Forgive Me

Dirty Fingernails: For mechanics in Afghanistan filthy hands means finished repairs

The wind is cold and brutal against my face. It blows with such force that it feels like small shards of glass are being brushed across my skin as the snow hits it. I can’t move. In a way I feel if I move and do not give you a moment, my respect has gone. I’ve been reverting to my early ancestral roots to outwit you. It feels as though I haven’t really won this strange competition we’ve been in. I am ambivalent. I feel a sense of relief that the deed is done, but cannot escape the sorrow that fills my heart. I stand and look at your impermanence and come to the realization that we are all transient in this world. We all have a purpose, one way or another. We all have a primal need to feel life, in some way. My pursuit has allowed me to feel life. A struggle between predator and prey, man and beast. My feeling of life does not come from the taking of another life, but rather the adventure we’ve shared. My primal brain has shone through in our exploit. A need to appreciate that which fuels me. Without you I cannot survive. It is most unfortunate that such a thing must end with sorrow. Sometimes I wish I were not created this way. A need to take the life of another creature of this world to help me push on. Know that you are forever in my gratitude. You’re still omnipresent in nature, not physically, but in every bit of nature. I just hope that your soul can forgive me now that it has left your body. My hands have done the physical work, but my mind has done the hard labor. My mind is what needs your forgiveness now.

Beautiful Chaos


It’s morning; early and humid. I starred out my hotel window to see the haze already settling in. She decided not to accompany me on this final day. “Where’s my gear?”, I said. That’s right, it’s on the skiff. The skiff that I have grown to love and hate all at the same time. Two days of disappointment, beauty and self-loathing all wrapped into one.

She rolls over and looks at me, “Why do you do this to yourself? We’re on vacation”. I look back at her with a smirk, “Sometimes, I don’t know”. I guess I’m a glutton for punishment, at least that’s what I’ve come to conclude. In a way, I’m kind of like Captain Ahab chasing Moby Dick. He never learned. It killed him, literally. He chased that whale at all costs. I guess that’s what I’m doing, chasing my own white whale.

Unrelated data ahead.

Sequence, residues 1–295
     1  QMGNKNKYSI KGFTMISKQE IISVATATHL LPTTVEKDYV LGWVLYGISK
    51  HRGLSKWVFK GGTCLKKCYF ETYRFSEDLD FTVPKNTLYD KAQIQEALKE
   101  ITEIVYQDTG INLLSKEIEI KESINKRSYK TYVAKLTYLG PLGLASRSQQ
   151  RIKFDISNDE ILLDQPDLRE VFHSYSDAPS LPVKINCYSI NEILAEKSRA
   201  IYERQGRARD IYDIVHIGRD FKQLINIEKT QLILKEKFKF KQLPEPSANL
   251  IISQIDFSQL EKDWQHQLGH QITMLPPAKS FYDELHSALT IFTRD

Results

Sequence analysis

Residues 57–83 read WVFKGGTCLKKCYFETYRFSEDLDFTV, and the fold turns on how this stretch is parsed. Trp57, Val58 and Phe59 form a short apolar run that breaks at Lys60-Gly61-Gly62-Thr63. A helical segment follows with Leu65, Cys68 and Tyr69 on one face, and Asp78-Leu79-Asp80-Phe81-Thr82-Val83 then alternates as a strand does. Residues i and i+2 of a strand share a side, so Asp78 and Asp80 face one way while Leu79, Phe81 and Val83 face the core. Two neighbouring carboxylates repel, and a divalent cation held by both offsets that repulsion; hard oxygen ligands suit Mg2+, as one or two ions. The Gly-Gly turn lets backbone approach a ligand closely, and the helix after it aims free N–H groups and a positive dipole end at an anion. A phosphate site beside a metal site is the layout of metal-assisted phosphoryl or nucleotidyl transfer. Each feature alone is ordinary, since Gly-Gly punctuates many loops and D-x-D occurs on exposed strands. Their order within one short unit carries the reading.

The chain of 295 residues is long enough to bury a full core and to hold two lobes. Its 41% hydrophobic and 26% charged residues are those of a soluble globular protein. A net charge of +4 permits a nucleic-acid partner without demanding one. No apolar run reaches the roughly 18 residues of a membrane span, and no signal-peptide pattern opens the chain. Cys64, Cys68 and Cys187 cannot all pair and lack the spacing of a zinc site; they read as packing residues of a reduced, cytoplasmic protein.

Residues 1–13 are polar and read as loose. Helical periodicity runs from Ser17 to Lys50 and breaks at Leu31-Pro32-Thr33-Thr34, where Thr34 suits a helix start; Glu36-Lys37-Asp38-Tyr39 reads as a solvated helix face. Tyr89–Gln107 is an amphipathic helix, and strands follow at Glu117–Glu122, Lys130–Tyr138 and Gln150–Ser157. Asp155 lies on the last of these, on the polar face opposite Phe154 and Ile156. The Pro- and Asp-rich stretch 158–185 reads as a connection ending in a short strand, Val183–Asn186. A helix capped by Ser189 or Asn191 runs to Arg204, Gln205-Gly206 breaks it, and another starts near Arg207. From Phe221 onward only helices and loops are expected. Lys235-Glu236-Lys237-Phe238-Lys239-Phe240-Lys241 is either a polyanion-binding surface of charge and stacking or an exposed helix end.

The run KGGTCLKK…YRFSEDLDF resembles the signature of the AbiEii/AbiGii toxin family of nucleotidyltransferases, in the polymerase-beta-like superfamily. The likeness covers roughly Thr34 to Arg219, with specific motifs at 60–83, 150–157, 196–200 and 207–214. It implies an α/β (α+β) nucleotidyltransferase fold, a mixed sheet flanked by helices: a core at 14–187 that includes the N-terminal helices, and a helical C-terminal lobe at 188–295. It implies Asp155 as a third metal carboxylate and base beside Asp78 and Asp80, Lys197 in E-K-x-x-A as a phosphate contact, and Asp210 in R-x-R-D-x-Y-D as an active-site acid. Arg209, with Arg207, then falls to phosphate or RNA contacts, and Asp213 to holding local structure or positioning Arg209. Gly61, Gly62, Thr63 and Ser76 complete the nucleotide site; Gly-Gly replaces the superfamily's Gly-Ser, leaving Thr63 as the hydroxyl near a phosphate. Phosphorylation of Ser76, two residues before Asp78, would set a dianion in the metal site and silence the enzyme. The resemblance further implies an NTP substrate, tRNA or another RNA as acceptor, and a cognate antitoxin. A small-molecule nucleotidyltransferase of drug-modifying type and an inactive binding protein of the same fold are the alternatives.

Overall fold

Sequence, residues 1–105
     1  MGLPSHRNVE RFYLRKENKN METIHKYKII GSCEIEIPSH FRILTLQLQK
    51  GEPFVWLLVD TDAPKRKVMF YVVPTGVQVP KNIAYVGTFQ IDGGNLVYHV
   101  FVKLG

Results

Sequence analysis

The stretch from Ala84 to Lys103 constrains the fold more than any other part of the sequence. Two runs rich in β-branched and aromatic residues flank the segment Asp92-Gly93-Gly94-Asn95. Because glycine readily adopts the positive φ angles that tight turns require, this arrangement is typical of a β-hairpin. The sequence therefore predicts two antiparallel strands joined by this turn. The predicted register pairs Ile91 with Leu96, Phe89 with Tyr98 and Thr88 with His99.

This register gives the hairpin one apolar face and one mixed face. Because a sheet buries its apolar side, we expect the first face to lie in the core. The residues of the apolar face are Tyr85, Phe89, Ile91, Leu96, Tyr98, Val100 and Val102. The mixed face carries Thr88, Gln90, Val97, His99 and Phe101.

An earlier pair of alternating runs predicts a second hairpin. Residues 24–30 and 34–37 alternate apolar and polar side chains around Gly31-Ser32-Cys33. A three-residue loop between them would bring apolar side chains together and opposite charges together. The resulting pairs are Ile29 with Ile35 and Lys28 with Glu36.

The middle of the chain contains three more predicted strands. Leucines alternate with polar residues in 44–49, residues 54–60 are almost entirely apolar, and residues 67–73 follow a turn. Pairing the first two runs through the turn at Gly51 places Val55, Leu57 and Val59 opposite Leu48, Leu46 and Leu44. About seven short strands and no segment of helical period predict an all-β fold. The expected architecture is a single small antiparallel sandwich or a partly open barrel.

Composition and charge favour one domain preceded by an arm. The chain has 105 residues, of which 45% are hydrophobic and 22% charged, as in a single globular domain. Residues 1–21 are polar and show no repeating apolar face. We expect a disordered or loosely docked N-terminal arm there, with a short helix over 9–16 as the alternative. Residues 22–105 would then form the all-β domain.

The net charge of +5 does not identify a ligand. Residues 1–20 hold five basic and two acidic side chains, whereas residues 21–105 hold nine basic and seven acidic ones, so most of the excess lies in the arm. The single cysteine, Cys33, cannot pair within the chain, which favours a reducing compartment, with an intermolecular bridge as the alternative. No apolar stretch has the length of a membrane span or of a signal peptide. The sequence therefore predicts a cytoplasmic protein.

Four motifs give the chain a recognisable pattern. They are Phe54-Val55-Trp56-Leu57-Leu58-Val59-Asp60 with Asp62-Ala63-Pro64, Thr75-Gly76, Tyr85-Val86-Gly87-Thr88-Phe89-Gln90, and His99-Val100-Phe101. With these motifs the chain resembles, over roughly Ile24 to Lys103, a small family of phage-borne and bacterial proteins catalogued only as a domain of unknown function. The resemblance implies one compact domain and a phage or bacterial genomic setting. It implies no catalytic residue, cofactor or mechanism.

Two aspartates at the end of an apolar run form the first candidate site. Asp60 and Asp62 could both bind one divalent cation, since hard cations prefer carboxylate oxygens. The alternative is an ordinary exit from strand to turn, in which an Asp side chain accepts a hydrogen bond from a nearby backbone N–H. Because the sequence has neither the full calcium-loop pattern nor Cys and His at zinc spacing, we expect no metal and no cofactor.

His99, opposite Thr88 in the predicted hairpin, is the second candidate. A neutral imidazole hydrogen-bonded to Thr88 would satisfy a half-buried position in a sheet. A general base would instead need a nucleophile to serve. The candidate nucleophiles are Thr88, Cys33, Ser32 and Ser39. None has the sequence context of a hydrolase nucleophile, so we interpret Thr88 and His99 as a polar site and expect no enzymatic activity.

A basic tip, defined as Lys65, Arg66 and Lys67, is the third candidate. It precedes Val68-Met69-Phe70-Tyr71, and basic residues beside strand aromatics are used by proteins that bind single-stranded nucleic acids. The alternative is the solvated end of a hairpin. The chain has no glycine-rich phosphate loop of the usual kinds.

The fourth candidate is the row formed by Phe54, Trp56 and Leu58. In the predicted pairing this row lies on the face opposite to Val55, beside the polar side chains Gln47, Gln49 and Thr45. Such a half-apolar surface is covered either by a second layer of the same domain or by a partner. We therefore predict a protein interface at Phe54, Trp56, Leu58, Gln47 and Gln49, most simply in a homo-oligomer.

I put on my clothes, covered head to toe with gear to help shelter my skin from the unforgiving sun. I meet up with Luke at the skiff. He looks and asks, “Fly or Die?”. I respond with a “That’s the plan” and a nod. We set off into the backcountry. A cruel, beautiful, unforgiving, bitch. Typical, I think to myself. Aren’t all the most beautiful things, the biggest pain in the ass? It wouldn’t be adventure without obstacles. We skate across the water like a dolphin gliding through the sea. Nothing but crystal blue ocean as far as my eyes can peer through the thick Florida haze. We find a spot. “Get set” Luke commands. I take position at the bow, sweating already from the heat and humidity in the morning sun. The current slides by the boat, “Perfect”. It seemed as though the stars were aligning. “This is it” I think to myself. Two days of emptiness, bad wind, horrible casts and hot days; all leading up to this.

A ghost maneuvers toward me. “You see it?” Luke whispers. I hold a thumbs up in response. “Cast” he demands. I oblige with a myriad of false casts. “Drop it now!”. My line shot out of the tip of my rod. I begin my strip as my line hits the water. Like a sniper hitting his target, my fly hits with precision. Tick, tick, tick. My rod bends and my reel erupts with energy. Line tearing off like a drag racer heading for the finish line. “There you go!!!” is all I hear from the poling platform. Like a love struck teenager I grin from ear to ear.

The fight is on. Like a back and forth battle between to opposing forces. The heft of the battling creature on my line is felt with every run. Two steps forward, twenty steps back is what it felt like. “I’m gaining line, I think he’s done!!”. I haul my trophy over to the skiff. My forearms are throbbing, my hands hurt, and my eyes are stinging from the sweat. “Bring him here” he says. “Where is he?” Luke asks. I look out and a sickness overwhelms me. I watch as my quarry swims slowly into the distance. “What happened?” we both ask ourselves. We inspect the shrimp pattern to see what went wrong. “Did the hook straighten?” I asked. “No” with a long pause from Luke. “The fly was de-barbed”. My face flows with blood in anger. In my hast to get out there, I tied on a barbless bonefish shrimp. The permit swimming way as if mocking me in victory.

On this day he won. I was the loser, in more ways than one. As I watched my rival move back to his school, I thought to myself, “I’m obsessed”. This creature is still pulling me back. I dream about it. It’s beautiful chaos calling me back. Like drug addict, I need another fix. It’s like a siren singing to me, luring me to it’s domain. “One day”, I think. “One day, the two of us dance again”. Dance again, like a twisted waltz where neither one will lead.